Turns out, they are! Actually, it’s the 12th top landing page from organic search. It’s no number one, but this is more visits than expected, as we’re not ranking for the target “cookie”.
3. Google Adwords Data
a. Conversions from campaign for targeted key term
The Adwords performance for this keyword group is solid, and we’ve found that the keywords aligned with the searcher behavior in GWMT.
Specifically, the paid campaign:
Had 6x the conversions as organic visitors
- “Cookie baking services” and “cookie delivery service” were top drivers of conversions
By now it should be apparent that we’re uncovering a theme, seeing how the trend for top performing keywords matches the searcher’s. Additionally, it seems that the disconnect is in the Organic landing page the searchers arrive at. Still, there are a lot of hypotheticals and we have more data at our fingertips. Let’s keep digging.
4. The Link Between Google Adwords and Google Webmaster Tools
a. Determining when different results appear: Organic listings, paid-search ads, or both
As we can see, we’re not coming up for 99% of searches for the target key term “cookies” in organic results, so right away we know that we want to keep the paid ads running to maintain visibility. We also see its average ad position, so we want to make sure that we’re bidding aggressively enough to keep us in the top positions, while referencing the conversion data as mentioned before. We can see that the ads and landing pages are effective enough to get conversions, so let’s keep doing that until we improve organic rankings.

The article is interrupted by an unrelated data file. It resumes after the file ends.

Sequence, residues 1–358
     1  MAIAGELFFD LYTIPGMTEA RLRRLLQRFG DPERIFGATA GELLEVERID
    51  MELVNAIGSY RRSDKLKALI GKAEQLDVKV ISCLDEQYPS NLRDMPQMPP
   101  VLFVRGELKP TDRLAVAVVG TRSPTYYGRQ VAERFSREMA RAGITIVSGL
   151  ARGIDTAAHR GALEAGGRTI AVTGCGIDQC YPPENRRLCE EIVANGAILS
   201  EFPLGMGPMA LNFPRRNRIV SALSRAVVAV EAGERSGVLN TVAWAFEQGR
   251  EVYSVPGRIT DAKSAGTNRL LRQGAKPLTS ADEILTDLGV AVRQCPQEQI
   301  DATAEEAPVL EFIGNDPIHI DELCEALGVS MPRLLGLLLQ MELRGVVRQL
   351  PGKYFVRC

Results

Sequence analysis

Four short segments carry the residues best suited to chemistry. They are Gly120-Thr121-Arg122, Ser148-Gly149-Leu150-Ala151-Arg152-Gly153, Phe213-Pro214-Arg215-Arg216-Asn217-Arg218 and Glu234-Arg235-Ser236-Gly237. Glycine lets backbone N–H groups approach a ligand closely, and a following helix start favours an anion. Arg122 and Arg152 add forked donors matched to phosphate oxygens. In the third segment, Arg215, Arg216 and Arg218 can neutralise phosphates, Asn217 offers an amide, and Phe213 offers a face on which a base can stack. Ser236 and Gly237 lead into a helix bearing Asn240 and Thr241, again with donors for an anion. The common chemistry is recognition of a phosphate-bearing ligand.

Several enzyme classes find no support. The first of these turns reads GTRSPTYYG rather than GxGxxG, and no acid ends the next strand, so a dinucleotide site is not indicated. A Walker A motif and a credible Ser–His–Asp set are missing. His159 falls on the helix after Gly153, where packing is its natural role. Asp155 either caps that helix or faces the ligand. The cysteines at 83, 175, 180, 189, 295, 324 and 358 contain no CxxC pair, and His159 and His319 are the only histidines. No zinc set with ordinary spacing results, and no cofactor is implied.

5. Google Analytics – Onsite Experience
Now, about improving those organic results. Let it be known that I’m a firm believer in optimizing what you already have. We already have organic traffic coming in on long-tail keywords, so let’s make use of the traffic we’re getting. To do that, I took a look into Google Analytics to analyze a few areas. These three stood out:
Who stays? The bounce rate is higher than on other similar pages.
Where do they go? The most frequented next page was, believe it or not, finding out what areas my cookie delivery service operates in. First I thought “YAY! They Love me!” Then I thought, uh-oh, nothing in the content talks about where I am or how to find me. They have to scroll back up above the banner and fill in a form. That’s time that person could use filling out an order instead of doing a search. Right away I want to add a callout in the copy to access most popular areas, and how to find the closest delivery option. No need to hunt around the page! Let’s save the user some time and think of the next step before they do.